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Admit it, We’re All a Little Ignorant March 22, 2011

Filed under: adoption thoughts,and that's how I feel about that — Elizabeth @ 4:07 PM

Adoptive families have kind of a camraderie going in regards to the whacked out comments they get from strangers regarding the way their family was formed.  Overall, our family has been pretty lucky.  People have said things to us, of course, some of it lovely, some of it cringeworthy, and as I reflect on how I feel about this and the way I know other adoptive parents feel about this, I have come to the conclusion that we are all a little ignorant.

It’s true.  Adoptive families know a lot about adoption.  We’ve read books, taken classes, and we are living an experience that not everybody knows a lot about or has taken the time to think through extensively.  And that’s actually okay.  Until we adopted, I had never really given a lot of thought to what were appropriate questions to ask people about how their families were formed and what were inappropriate.

As a matter of fact, I will admit, in this public forum that I once made a huge faux pas with a friend.  It wasn’t out of malice, or even nosiness, it was simply out of ignorance.  I have a friend who was in the process of domestic adoption.  We met and began growing close just around the time that a birthmother chose my friend and her husband to parent her son.  One day we were talking on the phone about the adoption and all of the upcoming events.  I asked if she was going to meet the birthmother.  And then I asked if she knew why the birthmother was choosing not to parent.

I know–completely and totally none of my business.  Under any circumstances.  I am mortified TO THIS VERY DAY.  But I just hadn’t thought it through at all.  I was genuinely interested in her life and her excitement over the adoption, and as someone who wanted to adopt one day, I (selfishly) wanted an insider’s view. Okay, maybe I was being nosy.

My friend calmly, casually and graciously explained what I absolutely know now that this was HER SON’S history and information and that it wouldn’t be appropriate to share all of that with others.  Duh.  I understood immediately and was also humbled that she had been so graceful in the way she explained it to me.

That experience for me has always reminded me that when people ask things that are none of their business, probably 80-90% of the time it’s because they are genuinely interested.  They aren’t trying to be inappropriate (even though sometimes they are), they are really trying to relate to your situation and get to know you better.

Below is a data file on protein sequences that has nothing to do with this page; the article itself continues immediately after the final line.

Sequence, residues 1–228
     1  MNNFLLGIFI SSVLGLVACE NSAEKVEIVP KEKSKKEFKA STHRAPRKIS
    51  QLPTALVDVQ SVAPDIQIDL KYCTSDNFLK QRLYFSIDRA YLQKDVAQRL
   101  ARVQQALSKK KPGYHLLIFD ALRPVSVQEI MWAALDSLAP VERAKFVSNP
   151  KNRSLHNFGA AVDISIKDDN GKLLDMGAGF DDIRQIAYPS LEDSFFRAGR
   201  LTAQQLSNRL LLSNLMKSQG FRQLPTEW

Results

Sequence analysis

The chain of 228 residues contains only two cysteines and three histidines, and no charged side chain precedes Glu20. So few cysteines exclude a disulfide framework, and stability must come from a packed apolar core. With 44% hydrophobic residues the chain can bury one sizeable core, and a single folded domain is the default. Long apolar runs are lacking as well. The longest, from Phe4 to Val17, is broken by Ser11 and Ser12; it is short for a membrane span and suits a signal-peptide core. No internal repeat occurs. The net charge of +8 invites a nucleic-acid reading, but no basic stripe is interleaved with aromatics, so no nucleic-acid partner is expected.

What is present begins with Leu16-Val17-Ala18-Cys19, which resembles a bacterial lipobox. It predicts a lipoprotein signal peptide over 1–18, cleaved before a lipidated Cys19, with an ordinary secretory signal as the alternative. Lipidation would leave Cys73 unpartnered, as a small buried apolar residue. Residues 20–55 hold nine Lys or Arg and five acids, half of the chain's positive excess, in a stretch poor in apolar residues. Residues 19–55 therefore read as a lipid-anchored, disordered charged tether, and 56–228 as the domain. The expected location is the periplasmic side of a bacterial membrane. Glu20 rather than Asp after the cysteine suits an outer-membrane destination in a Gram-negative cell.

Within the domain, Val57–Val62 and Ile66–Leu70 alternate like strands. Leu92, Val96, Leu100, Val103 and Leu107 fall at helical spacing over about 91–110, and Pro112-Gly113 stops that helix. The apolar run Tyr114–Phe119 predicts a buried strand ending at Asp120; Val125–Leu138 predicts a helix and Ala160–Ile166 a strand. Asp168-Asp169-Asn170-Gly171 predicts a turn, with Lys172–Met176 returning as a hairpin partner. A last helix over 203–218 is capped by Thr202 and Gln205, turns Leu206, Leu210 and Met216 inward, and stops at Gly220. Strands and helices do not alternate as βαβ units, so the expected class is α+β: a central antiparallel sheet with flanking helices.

(The other 10% of the time, people are just rude and they want to push your buttons.  Asking “How much did he cost?” or insulting a family’s decision to adopt internationally?  Give me a break–anybody should know that is offensive.)

Does that make it any less uncomfortable?  Probably not–especially when you have your kids with you.  The fact is that we can answer with a smart comeback or with grace.  And if you choose grace, that person will probably walk away a lot more informed and will remember that conversation (much like I remember the conversation with my friend).

The truth is, I still have to remember to keep my mouth shut about some things.  I’m educated enough not to make too many blunders around adoptive families (I hope!), but this experience has made me more aware of the things I ask anyone.  I really try to ask myself if it is any of my business and if it’s not, I stay quiet.

There is another mom that I sit with during Isaac’s swim lessons.  I taught her water aerobics class when she was pregnant and I really like her.  Her daughter is so cute and I always find myself wanting to ask if they will have more.  But it’s none of my business.  For all I know they are trying and not having any luck.  For all I know she has lost 3 pregnancies since her daughter was born.  For all I know, she is 7 weeks pregnant and keeping it under wraps for now.  If she wants me to know, she will tell me.  No matter how much I like her and want to be friendly with her, her reproductive life is simply not my business.

And I have to remind myself of this because I am a talkative person who likes to find common ground with others.

We all stick our feet in our mouths sometimes.  Whether it’s speaking before we think or just ignorance about a certain situation, you have to admit, you have probably said the wrong thing at least once.  Hopefully the person you said it to showed you grace and hopefully you will return the favor when, inevitably, somebody says something that makes steam come out of your ears.